Did any of us get an invite to go to Dallas in January 2015 to be part of the 75 Metro Area Convening put on by the Lumina Foundation to move forward with these transformations with no need to ask the parents or taxpayers? That’s where I found that Stanford Social Innovation paper cited. It covers our communities, our schools, and our children, but no one is telling us about it openly or giving us a piece of the puzzle to start fitting together. Me? At this point I just gate crash, download the issued reports and presentations, and then notice that it is essentially Raskin’s, Marx’s, and the Learning Society vision all being imposed on us quietly. Negotiated at ‘convenings’ we pay for, but don’t get invited to.

This recent report is from another related ‘convening’–this time in May 2014–http://www.competencyworks.org/wp-content/uploads/2015/03/CompetencyWorks-Maximizing-Competency-Education-and-Blended-Learning.pdf . That’s a long title so they left off the very end that is designed to gain both automatic implementation and little objective scrutiny–”Insights from Experts.” Should we kneel or curtsey then? And if the tenets in that paper and all the emphasis on Equity mean that only a Marxian or IPS/Raskin vision of education to gain the necessary consciousness for economic democracy to work, are we still obligated to defer? Does an education, urban planning, sociology, or public policy degree come now with a license to lie to the public while everything they value and that works gets jettisoned if a Stakeholder Engagement Process decides to put a theory into practice to see what happens?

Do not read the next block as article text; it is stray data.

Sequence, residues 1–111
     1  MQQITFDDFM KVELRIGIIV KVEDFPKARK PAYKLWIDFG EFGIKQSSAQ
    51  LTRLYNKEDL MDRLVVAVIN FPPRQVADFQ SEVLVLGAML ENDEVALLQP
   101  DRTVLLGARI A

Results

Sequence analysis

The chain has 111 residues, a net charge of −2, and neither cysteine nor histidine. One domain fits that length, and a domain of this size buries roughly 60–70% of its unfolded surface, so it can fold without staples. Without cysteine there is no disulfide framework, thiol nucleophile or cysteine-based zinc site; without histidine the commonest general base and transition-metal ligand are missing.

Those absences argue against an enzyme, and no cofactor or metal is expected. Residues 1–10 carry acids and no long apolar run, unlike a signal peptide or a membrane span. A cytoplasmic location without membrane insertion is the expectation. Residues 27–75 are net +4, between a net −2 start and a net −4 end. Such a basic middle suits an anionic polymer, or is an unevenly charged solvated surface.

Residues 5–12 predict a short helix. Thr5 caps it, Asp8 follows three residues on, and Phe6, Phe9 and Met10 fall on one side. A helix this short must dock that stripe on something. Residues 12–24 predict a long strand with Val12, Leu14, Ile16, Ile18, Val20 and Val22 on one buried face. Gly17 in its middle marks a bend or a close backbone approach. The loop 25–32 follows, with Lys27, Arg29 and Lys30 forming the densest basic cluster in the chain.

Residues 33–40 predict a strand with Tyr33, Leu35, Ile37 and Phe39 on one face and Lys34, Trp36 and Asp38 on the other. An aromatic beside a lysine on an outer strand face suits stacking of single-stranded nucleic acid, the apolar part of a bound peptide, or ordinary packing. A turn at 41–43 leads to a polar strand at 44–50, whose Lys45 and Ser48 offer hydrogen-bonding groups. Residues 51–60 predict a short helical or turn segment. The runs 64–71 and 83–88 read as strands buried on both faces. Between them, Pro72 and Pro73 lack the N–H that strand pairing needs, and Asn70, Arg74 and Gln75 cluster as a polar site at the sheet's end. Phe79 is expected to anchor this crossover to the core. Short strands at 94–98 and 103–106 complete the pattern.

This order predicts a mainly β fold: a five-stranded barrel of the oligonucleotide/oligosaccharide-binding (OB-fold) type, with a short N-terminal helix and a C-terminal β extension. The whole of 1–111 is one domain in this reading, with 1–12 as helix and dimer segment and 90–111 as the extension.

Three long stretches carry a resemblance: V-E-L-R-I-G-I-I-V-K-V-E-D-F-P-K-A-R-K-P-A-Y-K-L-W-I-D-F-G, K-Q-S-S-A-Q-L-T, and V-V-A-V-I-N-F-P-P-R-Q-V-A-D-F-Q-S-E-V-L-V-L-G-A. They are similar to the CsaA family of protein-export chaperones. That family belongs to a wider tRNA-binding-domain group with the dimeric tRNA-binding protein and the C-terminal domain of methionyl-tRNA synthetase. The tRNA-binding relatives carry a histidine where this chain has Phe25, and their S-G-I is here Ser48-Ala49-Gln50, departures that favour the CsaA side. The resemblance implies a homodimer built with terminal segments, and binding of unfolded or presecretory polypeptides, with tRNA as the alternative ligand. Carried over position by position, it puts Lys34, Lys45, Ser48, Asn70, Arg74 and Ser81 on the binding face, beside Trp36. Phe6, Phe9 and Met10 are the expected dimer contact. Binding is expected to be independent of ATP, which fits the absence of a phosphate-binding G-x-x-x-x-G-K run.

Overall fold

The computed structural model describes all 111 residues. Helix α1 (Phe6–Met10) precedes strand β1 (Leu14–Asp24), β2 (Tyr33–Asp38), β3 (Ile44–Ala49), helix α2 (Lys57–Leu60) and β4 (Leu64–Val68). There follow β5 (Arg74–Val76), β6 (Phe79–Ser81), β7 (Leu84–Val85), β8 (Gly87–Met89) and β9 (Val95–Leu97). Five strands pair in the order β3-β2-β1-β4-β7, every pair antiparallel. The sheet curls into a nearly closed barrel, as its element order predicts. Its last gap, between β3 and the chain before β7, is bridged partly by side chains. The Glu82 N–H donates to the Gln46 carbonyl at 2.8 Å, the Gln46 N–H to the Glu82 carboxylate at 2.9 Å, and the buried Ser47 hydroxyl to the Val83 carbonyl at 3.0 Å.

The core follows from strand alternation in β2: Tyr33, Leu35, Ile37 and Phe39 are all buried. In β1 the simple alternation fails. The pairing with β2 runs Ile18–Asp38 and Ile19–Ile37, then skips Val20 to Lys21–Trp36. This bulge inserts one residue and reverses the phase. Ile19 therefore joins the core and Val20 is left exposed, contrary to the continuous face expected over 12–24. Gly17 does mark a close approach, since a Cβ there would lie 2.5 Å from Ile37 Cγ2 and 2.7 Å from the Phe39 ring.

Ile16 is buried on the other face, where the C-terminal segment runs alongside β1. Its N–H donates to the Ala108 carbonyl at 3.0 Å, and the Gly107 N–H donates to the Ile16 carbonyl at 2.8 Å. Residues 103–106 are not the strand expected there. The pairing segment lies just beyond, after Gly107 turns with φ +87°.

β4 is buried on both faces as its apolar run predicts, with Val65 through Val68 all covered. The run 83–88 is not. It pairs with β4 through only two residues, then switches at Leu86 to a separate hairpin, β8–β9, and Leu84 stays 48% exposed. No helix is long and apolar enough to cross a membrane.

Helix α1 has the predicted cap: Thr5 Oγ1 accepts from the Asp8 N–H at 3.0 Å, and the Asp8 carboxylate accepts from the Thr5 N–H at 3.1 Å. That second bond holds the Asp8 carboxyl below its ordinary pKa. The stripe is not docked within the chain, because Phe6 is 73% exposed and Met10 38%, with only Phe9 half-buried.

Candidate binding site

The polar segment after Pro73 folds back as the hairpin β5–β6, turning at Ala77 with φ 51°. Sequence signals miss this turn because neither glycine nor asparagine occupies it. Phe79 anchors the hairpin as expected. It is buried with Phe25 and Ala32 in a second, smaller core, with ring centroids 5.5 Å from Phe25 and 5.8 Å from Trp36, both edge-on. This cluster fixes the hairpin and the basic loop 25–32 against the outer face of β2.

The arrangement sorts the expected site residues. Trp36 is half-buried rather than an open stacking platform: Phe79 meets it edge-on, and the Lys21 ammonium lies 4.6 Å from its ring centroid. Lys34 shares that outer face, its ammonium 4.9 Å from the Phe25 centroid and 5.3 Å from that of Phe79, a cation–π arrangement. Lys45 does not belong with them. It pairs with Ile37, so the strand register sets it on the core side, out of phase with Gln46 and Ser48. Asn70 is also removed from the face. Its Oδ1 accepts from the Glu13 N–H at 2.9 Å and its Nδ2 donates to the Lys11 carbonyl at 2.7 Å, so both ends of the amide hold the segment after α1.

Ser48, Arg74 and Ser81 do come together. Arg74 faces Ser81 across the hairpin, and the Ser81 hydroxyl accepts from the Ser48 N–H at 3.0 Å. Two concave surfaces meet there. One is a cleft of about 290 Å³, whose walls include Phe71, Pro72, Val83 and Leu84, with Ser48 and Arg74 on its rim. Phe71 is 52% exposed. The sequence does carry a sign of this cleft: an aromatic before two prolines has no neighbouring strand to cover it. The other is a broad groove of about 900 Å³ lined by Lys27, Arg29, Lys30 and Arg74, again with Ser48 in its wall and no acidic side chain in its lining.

http://results4america.org/wp-content/uploads/2015/03/2015-3-18-Moneyball-for-Education-Report.pdf is yet another attempt to put Theory into Practice sold as “informed by thinking from a select group of seasoned experts from the left and right who have much experience with federal education policy.” Given the tragic history of what those federal policies have done to schools and students, we would prefer that be a disqualifier. Has anyone else noticed that expertise in general is constantly dismissed in all these visions of education in the future? Meantime we are supposed to defer to every social science graduate degree as the only reverenced expertise. Again, that’s the way to get Theory into Practice and false beliefs and new values in place to guide future behavior.